Good documentation is necessary for every human resources department. Proper documentation should follow your employees from hire to retire. It’s what keeps companies compliant and safe from unsubstantiated lawsuits.

Problems arise when the documentation process becomes lengthy and cumbersome. If you visualize all the paperwork HR requires employees to fill out, submit and save, you will see a very large pile. HR departments need to come up with a way to easily gather and contain the documentation needed for each employee. A good record keeping process, one that keeps all employee documentation in one place, is the key to maintaining your company’s security and compliance with local, state and federal laws.

What is Workplace Documentation?

Workplace documentation includes all the paperwork HR must gather from each employee. These documents provide a written record of every onboarding, performance and disciplinary action taken. According to The Balance Careers, employee documentation records are made up of government and legally mandated elements, documents required by company policy and practice, documents suggested by best human resources practices, and formal and informal recordkeeping about employment events.

Onboarding, performance, time and attendance and legal compliance provide some of the most essential materials for a company’s documentation process.

Onboarding

Before your new hire begins work, your HR department should already have a stack of paperwork about her or him in hand (or in your digital systems). Your company needs to gather a lot of essential information (required by state and federal governments) from employees during this first stage of employment including:

  • W-4 for employees or W-9 for contractor
  • I-9 Employee Eligibility Verification form
  • State Tax Withholding form
  • Direct Deposit form
  • E-Verify system that verifies employee eligibility in the U.S.

These documents must be kept secure, only accessible to the employees themselves and certain administrators.

During onboarding you will also want to review your company’s policies and procedures with your new employee. These should be printed in your company or employee handbook. It’s critical that your employees read your handbook and that they sign off, stating they’ve done so.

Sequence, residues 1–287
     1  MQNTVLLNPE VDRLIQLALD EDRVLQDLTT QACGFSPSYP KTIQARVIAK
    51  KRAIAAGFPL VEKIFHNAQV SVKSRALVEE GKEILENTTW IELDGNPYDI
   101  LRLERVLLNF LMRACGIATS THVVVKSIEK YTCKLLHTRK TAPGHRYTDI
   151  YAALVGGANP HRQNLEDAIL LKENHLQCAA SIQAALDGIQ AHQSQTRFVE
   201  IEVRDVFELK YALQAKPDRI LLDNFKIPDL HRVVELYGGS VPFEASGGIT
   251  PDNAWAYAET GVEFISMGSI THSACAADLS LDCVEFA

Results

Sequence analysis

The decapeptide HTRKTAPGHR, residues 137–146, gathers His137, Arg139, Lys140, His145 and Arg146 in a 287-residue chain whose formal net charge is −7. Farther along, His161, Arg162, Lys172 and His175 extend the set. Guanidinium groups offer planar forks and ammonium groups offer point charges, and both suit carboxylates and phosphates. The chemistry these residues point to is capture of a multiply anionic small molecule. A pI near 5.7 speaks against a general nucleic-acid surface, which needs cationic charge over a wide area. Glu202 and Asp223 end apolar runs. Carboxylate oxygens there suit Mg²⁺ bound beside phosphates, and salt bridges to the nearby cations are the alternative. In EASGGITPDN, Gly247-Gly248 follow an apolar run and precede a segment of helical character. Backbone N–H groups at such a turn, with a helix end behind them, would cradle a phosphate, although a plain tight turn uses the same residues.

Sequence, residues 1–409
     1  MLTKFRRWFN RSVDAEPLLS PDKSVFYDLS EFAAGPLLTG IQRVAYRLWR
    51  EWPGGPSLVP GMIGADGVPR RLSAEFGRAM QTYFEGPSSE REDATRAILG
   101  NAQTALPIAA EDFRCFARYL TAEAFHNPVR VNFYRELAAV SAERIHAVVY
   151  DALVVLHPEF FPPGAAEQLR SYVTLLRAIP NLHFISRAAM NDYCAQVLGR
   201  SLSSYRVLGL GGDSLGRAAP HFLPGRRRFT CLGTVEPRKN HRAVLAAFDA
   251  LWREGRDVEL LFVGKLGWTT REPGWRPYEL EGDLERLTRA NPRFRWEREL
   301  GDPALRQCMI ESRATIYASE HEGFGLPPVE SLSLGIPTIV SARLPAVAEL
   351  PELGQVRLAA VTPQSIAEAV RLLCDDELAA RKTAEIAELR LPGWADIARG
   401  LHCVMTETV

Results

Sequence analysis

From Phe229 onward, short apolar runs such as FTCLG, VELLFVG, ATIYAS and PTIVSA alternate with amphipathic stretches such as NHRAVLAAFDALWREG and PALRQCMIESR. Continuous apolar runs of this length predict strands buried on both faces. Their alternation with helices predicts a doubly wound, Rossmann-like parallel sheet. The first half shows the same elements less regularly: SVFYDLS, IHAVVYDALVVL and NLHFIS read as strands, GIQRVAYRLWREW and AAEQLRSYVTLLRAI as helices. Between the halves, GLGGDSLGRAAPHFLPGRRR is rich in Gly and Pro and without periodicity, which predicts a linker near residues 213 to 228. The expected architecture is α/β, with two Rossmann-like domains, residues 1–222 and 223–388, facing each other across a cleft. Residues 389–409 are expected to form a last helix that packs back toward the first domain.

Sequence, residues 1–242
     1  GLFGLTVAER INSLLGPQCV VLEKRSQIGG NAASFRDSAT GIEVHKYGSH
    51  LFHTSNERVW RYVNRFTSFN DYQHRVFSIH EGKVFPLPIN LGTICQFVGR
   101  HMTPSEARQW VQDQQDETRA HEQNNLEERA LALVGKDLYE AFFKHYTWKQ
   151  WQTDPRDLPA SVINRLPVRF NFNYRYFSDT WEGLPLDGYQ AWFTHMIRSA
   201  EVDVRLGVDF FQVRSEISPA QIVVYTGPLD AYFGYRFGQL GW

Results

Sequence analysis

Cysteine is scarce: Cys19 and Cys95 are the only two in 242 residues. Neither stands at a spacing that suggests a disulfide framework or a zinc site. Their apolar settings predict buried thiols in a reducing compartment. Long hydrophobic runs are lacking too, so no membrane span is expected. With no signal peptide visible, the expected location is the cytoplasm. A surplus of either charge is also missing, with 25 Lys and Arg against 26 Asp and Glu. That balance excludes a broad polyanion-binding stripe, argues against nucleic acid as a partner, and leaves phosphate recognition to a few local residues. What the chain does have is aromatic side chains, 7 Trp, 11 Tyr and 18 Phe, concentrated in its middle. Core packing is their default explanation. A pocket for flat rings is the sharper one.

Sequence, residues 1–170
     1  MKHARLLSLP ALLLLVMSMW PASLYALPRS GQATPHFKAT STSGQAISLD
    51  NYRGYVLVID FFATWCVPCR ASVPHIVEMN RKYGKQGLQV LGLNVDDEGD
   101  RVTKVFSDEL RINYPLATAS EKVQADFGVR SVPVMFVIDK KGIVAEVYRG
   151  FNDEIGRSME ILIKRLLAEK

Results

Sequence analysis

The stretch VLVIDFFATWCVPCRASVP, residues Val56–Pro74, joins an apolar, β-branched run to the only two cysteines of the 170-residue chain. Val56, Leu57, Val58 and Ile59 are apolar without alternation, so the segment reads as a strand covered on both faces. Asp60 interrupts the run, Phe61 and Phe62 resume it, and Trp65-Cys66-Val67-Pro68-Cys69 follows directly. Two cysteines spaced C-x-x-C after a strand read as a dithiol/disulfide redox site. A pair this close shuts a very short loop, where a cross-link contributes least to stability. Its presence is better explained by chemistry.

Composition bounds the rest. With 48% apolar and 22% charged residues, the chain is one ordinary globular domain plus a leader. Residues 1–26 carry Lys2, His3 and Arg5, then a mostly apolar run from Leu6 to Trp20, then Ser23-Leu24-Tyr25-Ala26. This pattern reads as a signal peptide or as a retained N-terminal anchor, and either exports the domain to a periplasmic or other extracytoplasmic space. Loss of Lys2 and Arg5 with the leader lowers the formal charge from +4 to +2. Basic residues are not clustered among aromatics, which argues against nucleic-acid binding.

Performance Management

Performance management documentation includes all the paperwork and records associated with performance reviews and any performance corrections. Examples of this type of documentation include written goals, tasks, evaluation forms, employee competencies, promotions and disciplinary actions.

To go further, consider all the documentation involved in the performance appraisal process. HR should keep records of:

  • Employee goals and their desired outcomes like driving profits, improving workflows or being promoted.
  • Notes from 1:1 meetings with managers, including any written feedback.
  • Results of goal measurement and how/if employees were able to achieve their goals.
  • Any reward or compensation given for achieving said goals.

A deeper dive into performance correction could include documenting:

  • Lack of goal achievement and reasons as to why.
  • Written warnings about lack of performance and consequences.
  • Demotion and/or termination due to performance.

Time and Attendance

Time and attendance documentation tracks when, and sometimes where, your employees clocked in and clocked out each workday. Time and attendance records should also note when employees were late or simply didn’t show up or call in. It pays to invest in a cloud-based time and attendance solution due to its ability to accurately track and record when each employee works and make this information accessible at the click of a button. Time and attendance software also makes it simple to stay wage and hour compliant, ensuring workers are paid for every hour or minute they work, including overtime, but not more.

Legal Compliance

HR must maintain personal records about employees and keep them secure. Documentation that pertains to legal compliance might include:

  • Medical records, including documentation submitted for sick leave or an extended leave of absence. This includes any records that would fall under the Family and Medical Leave Act, which requires employers of 50 or more employees to give up to 12 weeks of unpaid, job-protected leave to eligible employees for the birth or adoption of a child or for the serious illness of the employee or a spouse, child or parent.
  • Records related to the Americans with Disabilities Act, including any requests for accommodation from employees and the actions taken by employers.